Tensile Strain-Rate Dependency of Pore Water Pressure and Failure Strength of Soil

Paul D. Hallett*, Thomas Baumgartl, Jonathan P. K. Seville, Rainer Horn, Anthony R. Dexter

*Corresponding author for this work

Research output: Contribution to journalArticlepeer-review

4 Citations (Scopus)


With a tensiometer <1 mm in diameter, we demonstrated a direct impact of strain rate induced changes to capillary pressure on the tensile strength of soil. This work is relevant to understanding soil cultivation, crack formation in soil caused by desiccation, and the selection of strain rates for static testing of soils.

Microtensiometer probes with a tip radius <1 mm were used for direct measurement of the change in pore water pressure caused by tensile loading at different strain rates in soils. These probes responded rapidly to changes in pore water pressure during testing and demonstrated that the applied tensile stress was transmitted almost entirely through the pore water, as would be expected. Above a strain rate of 1% min−1, viscous effects became significant, leading to a significant increase in the fracture stress. The results are described using an extended version of the Kelvin–Voigt model of rheological behavior. At low strain rates, capillary forces dominate the fracture stress. Above the critical strain rate, the viscosity of the soil also contributes to the fracture stress.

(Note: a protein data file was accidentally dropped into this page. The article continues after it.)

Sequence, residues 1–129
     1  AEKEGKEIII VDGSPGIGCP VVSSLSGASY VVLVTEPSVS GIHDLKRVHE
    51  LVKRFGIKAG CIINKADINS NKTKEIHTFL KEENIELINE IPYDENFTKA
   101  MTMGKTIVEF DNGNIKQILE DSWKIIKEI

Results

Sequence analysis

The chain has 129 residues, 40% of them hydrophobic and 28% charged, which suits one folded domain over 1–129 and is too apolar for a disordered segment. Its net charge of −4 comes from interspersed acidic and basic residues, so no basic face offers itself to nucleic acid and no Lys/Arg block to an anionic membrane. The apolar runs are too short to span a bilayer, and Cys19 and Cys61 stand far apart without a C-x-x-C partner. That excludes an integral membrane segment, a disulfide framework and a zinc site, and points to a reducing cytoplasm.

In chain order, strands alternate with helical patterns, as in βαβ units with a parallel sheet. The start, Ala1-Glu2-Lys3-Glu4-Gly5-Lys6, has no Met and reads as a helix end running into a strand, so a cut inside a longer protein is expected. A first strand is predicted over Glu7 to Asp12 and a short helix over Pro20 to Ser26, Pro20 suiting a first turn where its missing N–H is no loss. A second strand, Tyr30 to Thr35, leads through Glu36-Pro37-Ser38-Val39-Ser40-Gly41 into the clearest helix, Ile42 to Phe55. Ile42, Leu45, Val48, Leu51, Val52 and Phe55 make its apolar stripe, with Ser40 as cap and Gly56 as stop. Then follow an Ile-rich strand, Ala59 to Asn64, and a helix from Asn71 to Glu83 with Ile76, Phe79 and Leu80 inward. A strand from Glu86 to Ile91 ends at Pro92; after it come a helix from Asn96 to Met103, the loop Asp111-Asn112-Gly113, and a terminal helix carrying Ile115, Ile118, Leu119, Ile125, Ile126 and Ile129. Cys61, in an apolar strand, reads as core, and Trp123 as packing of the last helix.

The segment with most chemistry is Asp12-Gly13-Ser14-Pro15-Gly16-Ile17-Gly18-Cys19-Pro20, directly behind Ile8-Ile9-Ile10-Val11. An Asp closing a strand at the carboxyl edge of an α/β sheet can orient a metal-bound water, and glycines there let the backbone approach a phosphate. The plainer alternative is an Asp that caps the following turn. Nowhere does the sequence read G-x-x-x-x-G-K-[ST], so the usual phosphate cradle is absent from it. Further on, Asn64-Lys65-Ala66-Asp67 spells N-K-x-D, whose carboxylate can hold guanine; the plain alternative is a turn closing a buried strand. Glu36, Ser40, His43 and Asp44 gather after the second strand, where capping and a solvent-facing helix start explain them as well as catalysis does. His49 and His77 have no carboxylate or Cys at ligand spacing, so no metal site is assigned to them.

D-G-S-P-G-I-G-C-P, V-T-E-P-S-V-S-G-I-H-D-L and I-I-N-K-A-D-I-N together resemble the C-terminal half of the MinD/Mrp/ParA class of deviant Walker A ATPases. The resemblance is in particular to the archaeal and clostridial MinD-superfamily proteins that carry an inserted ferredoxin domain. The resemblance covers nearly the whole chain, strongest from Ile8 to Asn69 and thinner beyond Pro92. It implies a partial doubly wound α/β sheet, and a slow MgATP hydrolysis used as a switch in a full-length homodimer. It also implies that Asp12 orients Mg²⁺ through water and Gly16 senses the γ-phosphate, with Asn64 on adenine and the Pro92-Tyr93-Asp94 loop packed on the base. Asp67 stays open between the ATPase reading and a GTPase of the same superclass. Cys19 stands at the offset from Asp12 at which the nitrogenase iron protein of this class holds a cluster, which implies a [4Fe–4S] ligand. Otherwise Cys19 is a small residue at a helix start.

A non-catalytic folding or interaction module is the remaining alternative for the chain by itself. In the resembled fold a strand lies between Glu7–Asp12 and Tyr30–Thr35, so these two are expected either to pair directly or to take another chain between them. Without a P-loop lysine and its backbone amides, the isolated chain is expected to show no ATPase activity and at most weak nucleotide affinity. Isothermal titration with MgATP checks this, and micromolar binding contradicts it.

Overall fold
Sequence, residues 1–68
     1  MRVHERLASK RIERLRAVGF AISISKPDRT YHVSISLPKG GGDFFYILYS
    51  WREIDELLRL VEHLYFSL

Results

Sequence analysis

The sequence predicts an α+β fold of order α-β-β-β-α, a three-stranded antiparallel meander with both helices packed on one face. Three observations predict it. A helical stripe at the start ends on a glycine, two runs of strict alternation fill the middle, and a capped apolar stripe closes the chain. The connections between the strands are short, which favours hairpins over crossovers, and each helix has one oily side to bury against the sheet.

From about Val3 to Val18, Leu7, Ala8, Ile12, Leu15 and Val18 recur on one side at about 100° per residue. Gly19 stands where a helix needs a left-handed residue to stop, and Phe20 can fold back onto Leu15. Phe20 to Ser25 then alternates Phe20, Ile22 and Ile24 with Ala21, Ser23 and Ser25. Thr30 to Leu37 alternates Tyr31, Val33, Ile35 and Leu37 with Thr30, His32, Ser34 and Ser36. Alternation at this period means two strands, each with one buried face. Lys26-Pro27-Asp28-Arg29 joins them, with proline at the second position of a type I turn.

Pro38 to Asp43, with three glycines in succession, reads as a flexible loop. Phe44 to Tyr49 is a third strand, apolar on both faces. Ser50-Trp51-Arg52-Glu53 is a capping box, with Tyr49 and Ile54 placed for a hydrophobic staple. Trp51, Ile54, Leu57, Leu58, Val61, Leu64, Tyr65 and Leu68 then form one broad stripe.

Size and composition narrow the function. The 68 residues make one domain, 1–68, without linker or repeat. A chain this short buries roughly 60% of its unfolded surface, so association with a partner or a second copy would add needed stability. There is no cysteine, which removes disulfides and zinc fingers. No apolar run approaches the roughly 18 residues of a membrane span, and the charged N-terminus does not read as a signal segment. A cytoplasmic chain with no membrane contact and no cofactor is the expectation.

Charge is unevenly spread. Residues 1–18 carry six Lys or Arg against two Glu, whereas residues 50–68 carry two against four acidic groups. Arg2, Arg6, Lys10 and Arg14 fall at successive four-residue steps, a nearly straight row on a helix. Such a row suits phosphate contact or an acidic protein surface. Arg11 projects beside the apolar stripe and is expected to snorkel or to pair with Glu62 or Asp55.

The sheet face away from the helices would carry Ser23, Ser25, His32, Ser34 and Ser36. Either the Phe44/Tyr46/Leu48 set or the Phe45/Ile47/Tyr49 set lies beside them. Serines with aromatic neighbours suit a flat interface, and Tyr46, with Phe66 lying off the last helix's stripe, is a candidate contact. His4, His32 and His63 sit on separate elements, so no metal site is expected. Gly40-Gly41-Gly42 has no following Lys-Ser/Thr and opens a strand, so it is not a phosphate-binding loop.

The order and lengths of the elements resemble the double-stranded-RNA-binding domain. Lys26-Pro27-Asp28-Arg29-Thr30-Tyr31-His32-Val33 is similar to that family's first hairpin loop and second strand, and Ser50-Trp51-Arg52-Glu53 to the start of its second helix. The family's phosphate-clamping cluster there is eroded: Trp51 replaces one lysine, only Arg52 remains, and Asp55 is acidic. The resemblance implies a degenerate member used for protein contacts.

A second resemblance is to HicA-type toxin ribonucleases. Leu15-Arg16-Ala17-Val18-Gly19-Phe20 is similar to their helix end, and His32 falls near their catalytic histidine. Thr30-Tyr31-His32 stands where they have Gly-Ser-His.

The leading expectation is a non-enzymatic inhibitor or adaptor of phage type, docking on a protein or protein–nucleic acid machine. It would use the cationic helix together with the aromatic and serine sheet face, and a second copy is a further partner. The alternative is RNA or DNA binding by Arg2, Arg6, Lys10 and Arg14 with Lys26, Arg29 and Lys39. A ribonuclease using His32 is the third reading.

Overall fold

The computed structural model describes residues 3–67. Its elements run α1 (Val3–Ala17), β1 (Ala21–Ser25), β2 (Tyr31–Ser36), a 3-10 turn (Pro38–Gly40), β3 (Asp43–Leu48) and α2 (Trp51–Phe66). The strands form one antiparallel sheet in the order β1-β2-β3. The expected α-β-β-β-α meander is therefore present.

Original languageEnglish
Number of pages6
JournalVadose zone journal
Issue number5
Publication statusPublished - 28 Mar 2014


  • physical-properties
  • capillary forces
  • ideal soil
  • energy


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